I’m leaving home this Tuesday and I’m not bringing my family with me. It will be the first time I’ve left Stump overnight. I’ll be flying out of Seattle to go to a four-day work-related conference in—-wait for it-—Utah.
I was invited in December and I thought that of course by then Stump and I would be ready for the separation. By then, of course, he would be sleeping though the night, and not crying every time I left the room. Oh, and I figured he’d be toilet trained, able to dress himself, and feed the dogs. And while it’s true that he’s grown and changed in the last six months, he hasn’t achieved any of the goals that I just named. He can now say “Mom-meeeee” while he’s crying. And twice in the last month he’s slept until 4 am without waking up and demanding milk. That’s about as far as we’ve come.
So I wouldn’t be exaggerating to say that I’ve been dreading this trip, entertaining the worst-case scenario as the most likely scenario.
In the worst-case scenario, Stump barely sleeps for the three nights I’m away. He wakes up screaming and refuses to be consoled. Kellie loses her mind from the sleep deprivation, and when we talk on the phone, she makes sure that I know how miserable they are. I am miserable in Utah. It’s hot, and the pool is scummy, and everyone at the conference wears suits. I come home with bedbugs. Stump, upon seeing me, bursts into tears of anger and relief. Everyone is exhausted, including me. We never catch up, and Stump never forgives me. He grows up to be a convict, or an author of short stories that always feature neglectful mothers.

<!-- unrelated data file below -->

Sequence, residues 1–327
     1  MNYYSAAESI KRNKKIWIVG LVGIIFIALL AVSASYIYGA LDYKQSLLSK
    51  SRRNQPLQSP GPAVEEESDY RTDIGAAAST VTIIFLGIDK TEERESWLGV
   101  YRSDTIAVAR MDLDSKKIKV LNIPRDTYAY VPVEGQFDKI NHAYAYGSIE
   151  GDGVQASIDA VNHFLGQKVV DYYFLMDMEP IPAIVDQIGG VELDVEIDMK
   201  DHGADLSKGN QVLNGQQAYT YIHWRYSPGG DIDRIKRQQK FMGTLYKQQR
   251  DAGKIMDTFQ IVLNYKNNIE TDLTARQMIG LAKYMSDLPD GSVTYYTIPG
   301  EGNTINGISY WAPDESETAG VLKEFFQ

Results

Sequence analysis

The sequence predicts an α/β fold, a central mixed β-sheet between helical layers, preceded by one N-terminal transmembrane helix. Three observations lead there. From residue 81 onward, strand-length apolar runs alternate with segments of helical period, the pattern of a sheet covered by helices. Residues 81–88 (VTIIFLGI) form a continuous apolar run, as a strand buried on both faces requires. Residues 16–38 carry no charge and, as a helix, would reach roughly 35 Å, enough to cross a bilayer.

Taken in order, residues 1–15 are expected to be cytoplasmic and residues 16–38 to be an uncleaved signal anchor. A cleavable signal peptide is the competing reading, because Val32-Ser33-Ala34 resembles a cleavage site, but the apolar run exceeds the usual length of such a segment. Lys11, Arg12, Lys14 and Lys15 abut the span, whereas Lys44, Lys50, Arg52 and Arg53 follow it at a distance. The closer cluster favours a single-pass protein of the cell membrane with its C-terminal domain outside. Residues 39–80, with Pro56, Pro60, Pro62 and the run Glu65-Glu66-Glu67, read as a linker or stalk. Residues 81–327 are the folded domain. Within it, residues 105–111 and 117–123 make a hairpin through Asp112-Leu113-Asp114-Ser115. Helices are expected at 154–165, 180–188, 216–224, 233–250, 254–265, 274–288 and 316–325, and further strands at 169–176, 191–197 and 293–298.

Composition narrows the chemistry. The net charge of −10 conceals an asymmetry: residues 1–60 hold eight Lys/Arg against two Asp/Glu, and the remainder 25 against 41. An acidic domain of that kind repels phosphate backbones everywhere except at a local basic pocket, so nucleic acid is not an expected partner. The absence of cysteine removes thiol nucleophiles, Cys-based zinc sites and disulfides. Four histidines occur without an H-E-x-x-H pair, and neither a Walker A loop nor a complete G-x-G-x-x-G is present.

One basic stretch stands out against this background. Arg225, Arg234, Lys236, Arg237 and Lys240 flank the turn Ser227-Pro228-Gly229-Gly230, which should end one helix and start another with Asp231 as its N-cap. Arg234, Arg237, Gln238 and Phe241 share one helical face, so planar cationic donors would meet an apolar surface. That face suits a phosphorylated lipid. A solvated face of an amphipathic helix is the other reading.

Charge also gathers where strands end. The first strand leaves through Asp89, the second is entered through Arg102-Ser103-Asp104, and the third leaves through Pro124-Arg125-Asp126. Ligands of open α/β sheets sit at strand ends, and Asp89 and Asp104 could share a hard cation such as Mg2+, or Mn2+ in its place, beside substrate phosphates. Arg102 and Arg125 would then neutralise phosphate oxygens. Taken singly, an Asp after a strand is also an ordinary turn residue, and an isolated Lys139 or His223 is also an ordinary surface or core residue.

This worst-case scenario has been turning over and over in my head. But there have been a few brighter moments where I’ve entertained a best-case scenario.
In the best-case scenario, Stump is easy because I’m gone. He’s a little fussy the first night, but settles with a some comforting. He gets it that nursing is not an option, and the by third night he’s learned to sleep soundly. The hotel in Utah has a beautiful pool, and there’s a convenient place to hike. I eat good food and drink some wine with colleagues. I come home refreshed to a house of pleasant people who have had a good time without me, and a baby who is happy to see me and who now sleeps through the night.
I’ll let you know how it goes.